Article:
Keeping a commercial kitchen clean and sanitized can be a time-consuming task. Whether you are a restaurant, hotel, hospital, corporate office or school, your kitchen is probably heavily used on a daily basis. This more than likely means that dirt and grease accumulate fast, and daily operations are hard on your vent hoods, countertops, floors and kitchen appliances.
Though it can seem like a never-ending task to keep a commercial kitchen in tip-top shape, understand that it is imperative for keeping customers and staff healthy and safe. Additionally, standards need to be maintained to avoid violating major health codes like pest infestations, fires and foodborne illnesses.
Luckily, maintaining cleanliness standards can be achieved with education, established processes and buy-in from staff. Halo recommends the following practices to keep a cleaner commercial kitchen:
- Set restaurant standards and expectations. This includes policies that require immediate attention, such as spills and potential cross-contamination issues. Empower all employees to follow standards and to encourage their teammates to do the same. Additionally, incorporate protocols into new hire training, and hold regularly-scheduled employee training meetings to go over the standards as a refresher. Consider including a timed checklist as part of the process to make sure regular tasks do not get overlooked by staff.
- Use the right cleaning products and ensure employees are well-trained in how to correctly use them. Employees should understand that different products should be used depending on the situation. Additionally, staff should be aware of the specific amount of product to be used when mixing chemical cleaners to avoid a potentially dangerous chemical reaction. Finally, always keep sprayers, mop buckets, mops and other cleaning tools in good condition.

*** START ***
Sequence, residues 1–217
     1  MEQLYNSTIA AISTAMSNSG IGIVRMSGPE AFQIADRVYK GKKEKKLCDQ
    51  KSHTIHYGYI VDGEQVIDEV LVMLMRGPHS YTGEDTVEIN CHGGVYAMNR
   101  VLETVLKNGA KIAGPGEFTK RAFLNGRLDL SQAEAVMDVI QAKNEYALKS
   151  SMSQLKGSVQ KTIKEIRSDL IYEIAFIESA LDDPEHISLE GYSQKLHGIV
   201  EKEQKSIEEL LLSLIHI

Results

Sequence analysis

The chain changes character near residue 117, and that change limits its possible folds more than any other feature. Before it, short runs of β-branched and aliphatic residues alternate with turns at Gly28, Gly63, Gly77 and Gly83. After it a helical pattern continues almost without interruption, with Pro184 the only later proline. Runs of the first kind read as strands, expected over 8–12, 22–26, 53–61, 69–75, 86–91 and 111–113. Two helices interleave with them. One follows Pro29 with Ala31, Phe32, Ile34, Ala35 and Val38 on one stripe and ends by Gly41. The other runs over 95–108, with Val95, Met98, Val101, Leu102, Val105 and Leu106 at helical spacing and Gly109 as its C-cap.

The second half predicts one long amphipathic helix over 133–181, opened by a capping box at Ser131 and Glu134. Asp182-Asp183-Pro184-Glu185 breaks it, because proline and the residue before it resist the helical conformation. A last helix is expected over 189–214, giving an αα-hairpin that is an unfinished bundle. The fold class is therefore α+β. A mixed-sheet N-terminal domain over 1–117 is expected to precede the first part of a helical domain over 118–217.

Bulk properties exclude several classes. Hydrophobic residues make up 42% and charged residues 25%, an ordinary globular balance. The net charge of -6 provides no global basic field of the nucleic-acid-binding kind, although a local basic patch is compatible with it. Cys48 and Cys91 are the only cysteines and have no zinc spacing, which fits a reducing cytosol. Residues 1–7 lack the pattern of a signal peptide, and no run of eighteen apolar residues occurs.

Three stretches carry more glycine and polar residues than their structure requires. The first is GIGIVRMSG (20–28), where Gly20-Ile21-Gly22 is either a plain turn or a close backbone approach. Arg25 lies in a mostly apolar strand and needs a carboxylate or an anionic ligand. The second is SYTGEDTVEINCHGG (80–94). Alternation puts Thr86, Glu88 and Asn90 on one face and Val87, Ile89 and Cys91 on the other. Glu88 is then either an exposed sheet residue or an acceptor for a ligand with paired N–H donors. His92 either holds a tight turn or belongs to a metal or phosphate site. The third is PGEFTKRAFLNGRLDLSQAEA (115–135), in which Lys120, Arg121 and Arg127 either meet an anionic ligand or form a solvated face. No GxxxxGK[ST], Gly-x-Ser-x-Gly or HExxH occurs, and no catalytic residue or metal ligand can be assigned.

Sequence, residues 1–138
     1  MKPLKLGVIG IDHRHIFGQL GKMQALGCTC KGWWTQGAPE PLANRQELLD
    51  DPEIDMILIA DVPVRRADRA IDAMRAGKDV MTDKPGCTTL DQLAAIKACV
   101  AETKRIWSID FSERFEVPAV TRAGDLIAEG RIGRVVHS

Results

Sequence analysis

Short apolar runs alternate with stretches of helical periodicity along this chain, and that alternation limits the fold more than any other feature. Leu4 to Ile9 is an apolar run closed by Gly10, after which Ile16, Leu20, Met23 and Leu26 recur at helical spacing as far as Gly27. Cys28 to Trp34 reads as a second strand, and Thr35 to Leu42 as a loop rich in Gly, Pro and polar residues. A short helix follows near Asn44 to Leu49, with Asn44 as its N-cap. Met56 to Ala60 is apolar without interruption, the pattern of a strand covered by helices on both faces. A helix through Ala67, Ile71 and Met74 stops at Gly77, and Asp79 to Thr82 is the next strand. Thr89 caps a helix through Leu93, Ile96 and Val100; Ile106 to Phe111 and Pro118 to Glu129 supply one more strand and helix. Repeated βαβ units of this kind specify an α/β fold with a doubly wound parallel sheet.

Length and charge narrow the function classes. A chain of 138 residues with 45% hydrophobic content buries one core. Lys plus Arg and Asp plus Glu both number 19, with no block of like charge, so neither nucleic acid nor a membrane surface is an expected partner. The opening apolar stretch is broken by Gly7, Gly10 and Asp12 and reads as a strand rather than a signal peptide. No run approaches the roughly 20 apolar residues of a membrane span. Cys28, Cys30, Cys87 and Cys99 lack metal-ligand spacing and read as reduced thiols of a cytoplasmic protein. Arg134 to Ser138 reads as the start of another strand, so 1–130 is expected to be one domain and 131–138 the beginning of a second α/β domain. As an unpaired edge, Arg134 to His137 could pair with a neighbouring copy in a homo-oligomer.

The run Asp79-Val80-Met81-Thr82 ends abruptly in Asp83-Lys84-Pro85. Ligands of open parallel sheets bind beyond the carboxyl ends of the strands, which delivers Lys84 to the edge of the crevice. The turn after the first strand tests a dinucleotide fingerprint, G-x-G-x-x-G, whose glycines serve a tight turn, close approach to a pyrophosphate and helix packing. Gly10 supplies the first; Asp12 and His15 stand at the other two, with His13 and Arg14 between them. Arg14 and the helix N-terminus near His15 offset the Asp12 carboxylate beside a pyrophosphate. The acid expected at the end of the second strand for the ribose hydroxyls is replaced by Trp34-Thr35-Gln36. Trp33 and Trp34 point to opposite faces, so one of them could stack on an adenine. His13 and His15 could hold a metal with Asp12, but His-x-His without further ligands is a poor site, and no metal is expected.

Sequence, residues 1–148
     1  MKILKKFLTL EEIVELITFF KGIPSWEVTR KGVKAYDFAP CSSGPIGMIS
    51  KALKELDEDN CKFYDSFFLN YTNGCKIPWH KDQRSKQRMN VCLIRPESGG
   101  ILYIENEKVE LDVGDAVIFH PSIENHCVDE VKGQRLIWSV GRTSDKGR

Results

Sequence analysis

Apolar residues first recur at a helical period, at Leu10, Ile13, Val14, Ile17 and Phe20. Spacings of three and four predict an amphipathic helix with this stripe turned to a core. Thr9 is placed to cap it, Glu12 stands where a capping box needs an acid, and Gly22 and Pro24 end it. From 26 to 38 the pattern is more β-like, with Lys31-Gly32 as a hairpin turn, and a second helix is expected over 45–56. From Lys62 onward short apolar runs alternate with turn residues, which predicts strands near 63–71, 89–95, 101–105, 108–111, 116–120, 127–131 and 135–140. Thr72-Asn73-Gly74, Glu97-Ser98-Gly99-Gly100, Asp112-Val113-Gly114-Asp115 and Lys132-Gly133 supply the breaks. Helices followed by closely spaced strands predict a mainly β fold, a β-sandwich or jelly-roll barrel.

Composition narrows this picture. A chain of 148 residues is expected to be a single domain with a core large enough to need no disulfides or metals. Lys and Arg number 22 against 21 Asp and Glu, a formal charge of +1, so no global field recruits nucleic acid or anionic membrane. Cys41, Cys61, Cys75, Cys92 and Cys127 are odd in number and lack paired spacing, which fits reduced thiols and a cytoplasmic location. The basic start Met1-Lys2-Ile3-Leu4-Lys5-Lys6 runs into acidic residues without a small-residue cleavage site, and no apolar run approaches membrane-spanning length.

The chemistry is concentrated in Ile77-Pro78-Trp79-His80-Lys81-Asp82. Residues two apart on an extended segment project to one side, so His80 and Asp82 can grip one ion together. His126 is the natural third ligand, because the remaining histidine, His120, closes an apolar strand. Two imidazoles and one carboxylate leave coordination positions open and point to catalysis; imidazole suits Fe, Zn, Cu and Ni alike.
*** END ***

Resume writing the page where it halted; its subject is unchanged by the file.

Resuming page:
- Follow the kitchen equipment manufacturer’s cleaning instructions, since they can vary by brand or model. Employees should know which chemical cleaners can and cannot be used on different types of equipment to avoid potential damage and injury. Additionally, always keep track of kitchen equipment warranties, when they’re due for servicing, and understand what aspects of maintenance should be left to commercial kitchen cleaning professionals.
Understand the restaurant’s practices and protocols, as well as having the correct supplies and tools available for staff will save time in the long run while reducing the chance of any potential losses. Additionally, Halo recommends incorporating a general schedule of when cleaning tasks need to be done and how often they should occur into your restaurant practices.
So that they continue to light properly, clean the pilot lights on all gas-powered kitchen equipment. This includes all ovens and grills. Additionally, if you are unsure about safely cleaning any kitchen equipment yourself, consider hiring a professional commercial kitchen cleaning company to take care of it.
It’s also imperative to have the restaurant fire suppression system and fire extinguishers professionally inspected at least once a year. Always make sure both tools are ready to use in case of an emergency.
Depending on your restaurant’s cooking operation, kitchen exhaust hoods should be professionally cleaned at least twice a year, if not more. To determine how often your restaurant should have its vent hoods cleaned, review our previous blog post.